Turn it Down!: From Big Sur ‘Infinite Morning’ review

A track-by-track breakdown of the latest LP from Lansing’s From Big Sur


Having a band with multiple songwriters can be a double-edged sword. While having a surplus of material is generally a positive thing, sometimes having too many ideas on the table leads to a meandering mashup on record. From Big Sur, a Lansing outfit, have long managed to reign in all of their lyrics and riffs into one cohesive blend that touches on various genres while maintaining their own distinct spirit.

Since 2009, the band has issued five albums of originals. The band — which comprises Kevin Ream (guitar, piano, banjo, vocals), Wesley Tkaczyk (bass, guitar, vocals), Shawn Doolittle (drums, percussion) and  Mark King (keys, sitar, mandolin, guitar, vocals) — all lend a hand in creating its colossal sound,

Pressed on wax and CD over the summer, “Infinite Morning” shows the band in all of its authentic glory. Lots of instrumentation. Lots of vocals. But, at the same time, they know when to dial it back and let silence seep into the mix.

Opening the album, “Surrounded By Your Love” dishes up huge ’60s-AM radio vibes, but also splices in some scorching guitar solos that swerve the track into progressive alt-rock territory. “Hold Me” has throwback Motown attitude — a nice-an-mellow soulful rock ‘n’ roll tune. “Ear to the Ground” kicks in with some stripped-down, well-crafted verses before sonically erupting on the choruses — all parts accented by tasteful blasts of guitar licks and percussion.   

At the start of it, “Waiting for Me” comes off like it might be a basic, scuzzy blues-rocker, but in typical From Big Sur-fashion, it abruptly transcends beyond that with genre-bending, majestic hooks.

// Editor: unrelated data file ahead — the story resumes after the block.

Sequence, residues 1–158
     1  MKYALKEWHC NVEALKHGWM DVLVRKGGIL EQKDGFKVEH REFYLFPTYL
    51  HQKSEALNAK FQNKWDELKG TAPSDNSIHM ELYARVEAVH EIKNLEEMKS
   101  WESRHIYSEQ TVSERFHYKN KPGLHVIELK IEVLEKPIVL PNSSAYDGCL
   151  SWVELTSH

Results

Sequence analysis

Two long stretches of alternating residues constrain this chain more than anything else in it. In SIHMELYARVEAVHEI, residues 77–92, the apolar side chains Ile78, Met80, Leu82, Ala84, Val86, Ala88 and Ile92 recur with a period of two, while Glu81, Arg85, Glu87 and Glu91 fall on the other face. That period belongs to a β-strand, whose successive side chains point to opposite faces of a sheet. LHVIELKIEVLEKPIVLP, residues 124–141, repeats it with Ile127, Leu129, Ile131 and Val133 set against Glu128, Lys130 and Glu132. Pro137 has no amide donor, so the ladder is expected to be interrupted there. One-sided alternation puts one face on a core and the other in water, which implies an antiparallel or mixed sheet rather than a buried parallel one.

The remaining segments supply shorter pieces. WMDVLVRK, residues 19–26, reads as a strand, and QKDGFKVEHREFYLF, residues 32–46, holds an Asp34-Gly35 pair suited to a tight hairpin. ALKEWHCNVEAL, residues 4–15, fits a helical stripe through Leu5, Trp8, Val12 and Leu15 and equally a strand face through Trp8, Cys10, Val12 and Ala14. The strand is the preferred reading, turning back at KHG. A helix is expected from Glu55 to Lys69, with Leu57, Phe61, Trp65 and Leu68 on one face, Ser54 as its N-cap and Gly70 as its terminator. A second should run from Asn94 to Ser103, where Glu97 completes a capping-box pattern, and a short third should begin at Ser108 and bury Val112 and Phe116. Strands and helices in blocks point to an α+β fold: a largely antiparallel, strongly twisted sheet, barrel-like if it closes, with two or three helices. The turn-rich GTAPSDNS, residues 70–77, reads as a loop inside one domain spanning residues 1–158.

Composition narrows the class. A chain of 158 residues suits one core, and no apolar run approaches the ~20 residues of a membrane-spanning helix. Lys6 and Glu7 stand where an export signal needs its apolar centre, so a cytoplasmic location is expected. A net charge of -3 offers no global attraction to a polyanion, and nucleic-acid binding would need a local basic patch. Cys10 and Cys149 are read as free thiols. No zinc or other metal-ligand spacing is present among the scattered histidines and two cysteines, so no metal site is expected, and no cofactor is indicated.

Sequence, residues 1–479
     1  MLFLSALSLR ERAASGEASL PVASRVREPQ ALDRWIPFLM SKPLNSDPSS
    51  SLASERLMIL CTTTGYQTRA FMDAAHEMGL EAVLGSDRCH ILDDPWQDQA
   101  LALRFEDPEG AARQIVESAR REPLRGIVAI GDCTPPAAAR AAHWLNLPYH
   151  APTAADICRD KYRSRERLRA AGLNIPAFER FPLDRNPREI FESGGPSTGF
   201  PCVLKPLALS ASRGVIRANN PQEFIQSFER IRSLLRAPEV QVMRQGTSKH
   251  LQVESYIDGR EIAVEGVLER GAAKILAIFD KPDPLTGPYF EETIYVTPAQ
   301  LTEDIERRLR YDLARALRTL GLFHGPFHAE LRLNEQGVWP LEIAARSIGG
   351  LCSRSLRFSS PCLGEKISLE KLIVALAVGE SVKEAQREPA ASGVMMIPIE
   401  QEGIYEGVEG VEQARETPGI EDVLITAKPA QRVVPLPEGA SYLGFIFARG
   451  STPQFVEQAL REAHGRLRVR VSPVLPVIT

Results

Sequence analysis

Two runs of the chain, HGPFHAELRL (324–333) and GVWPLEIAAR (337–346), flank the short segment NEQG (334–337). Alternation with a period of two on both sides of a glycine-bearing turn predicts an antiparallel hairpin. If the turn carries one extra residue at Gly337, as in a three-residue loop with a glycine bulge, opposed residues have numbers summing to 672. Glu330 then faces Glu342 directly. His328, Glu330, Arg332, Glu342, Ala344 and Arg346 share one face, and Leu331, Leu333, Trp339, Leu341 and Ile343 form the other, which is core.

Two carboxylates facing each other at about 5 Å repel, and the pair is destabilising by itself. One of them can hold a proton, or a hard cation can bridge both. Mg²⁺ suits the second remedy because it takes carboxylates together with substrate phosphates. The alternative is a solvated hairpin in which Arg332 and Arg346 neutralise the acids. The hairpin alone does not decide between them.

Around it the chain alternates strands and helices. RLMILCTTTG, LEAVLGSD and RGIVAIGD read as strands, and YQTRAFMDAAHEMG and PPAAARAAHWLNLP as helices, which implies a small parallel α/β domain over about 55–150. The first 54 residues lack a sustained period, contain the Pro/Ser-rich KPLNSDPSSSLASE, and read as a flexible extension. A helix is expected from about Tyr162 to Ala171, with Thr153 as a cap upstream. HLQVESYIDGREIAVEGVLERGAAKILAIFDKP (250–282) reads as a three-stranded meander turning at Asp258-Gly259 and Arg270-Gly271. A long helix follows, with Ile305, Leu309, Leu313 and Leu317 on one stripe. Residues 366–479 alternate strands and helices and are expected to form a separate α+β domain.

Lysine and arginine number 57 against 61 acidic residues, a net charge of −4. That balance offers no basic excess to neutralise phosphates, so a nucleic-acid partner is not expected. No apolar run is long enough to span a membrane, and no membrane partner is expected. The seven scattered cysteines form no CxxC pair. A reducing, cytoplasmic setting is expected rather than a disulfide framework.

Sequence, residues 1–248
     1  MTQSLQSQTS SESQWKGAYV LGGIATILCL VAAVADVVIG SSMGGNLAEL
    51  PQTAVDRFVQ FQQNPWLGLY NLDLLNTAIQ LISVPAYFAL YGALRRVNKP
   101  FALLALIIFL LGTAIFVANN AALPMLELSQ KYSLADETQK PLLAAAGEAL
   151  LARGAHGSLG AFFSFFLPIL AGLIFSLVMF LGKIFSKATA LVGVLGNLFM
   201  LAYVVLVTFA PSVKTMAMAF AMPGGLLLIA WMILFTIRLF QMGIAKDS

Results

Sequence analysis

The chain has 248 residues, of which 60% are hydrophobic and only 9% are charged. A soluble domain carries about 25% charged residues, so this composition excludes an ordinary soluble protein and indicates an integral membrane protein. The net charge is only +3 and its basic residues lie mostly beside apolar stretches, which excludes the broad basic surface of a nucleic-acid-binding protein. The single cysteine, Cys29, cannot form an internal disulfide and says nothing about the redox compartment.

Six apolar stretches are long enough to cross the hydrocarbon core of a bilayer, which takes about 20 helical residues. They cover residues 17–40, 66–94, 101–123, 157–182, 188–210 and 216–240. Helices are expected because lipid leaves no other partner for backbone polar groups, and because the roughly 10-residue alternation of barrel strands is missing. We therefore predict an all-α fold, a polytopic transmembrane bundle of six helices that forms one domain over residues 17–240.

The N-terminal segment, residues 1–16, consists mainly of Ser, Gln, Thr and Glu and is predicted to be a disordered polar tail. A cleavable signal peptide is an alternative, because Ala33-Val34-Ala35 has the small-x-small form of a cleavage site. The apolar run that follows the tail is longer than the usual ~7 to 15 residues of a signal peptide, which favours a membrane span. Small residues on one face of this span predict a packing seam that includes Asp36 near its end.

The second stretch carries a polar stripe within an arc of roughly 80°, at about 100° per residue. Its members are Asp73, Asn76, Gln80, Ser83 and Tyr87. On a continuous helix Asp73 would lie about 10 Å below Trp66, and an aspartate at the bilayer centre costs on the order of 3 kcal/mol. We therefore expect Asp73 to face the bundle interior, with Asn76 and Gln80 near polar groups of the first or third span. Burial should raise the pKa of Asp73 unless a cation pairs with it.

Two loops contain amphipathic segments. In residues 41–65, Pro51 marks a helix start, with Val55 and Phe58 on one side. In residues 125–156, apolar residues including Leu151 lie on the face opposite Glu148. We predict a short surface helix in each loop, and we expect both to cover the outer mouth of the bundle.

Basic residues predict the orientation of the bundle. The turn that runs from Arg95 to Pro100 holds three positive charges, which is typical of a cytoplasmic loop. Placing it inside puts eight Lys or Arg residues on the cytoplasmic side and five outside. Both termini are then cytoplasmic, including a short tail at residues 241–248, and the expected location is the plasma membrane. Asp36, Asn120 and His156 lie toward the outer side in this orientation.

“Bad Milk” poetically closes out Side A of the vinyl with a ballad that sounds like it perhaps Bob Dylan being backed-up by a ‘90s alt-rock supergroup — an unusual concoction that somehow works on wax. This also fully documents From Big Sur’s amazing dynamics and ability to layer soaring vocal harmonies alongside guitar-driven melodies.

Opening Side 2 of “Infinite Morning” is “Heart Away,” a rustic, storytelling country-rock tune echoing the likes of Townes Van Sant and Neil Young. “What Were You Thinking” then shifts the disc back into more contemporary territory. The haunting ballad doesn’t rush to get where it’s going. From Big Sur isn’t afraid to let their songs breath, and on this one, the track moves along slowly and soulfully — sonically hitting both low valleys and towering vocal peaks. After that emotional refrain, “Leaving” boost up the ambiance with a Byrds-esque folk-rocker that could be a shelved cut mistakenly left off “Sweetheart of the Rodeo.” Roger McGuinn and the ghost of Gram Parsons would no doubt appreciate it.

The biggest earworm on the album is hands down “Who I Am.”  This one tells me that the songwriter likely grew up on both The Beatles and Fountains of Wayne. Penned by Tkaczyk, it’s a perfectly executed pop song. Remember “120 Minutes” on MTV? This would’ve been in constant rotation. Personally, I was surprised it was buried near the bottom of the record. Closing out the LP is “Boblo,” a carefree track about traveling and escaping to an island.

These days, who can’t relate to that notion?


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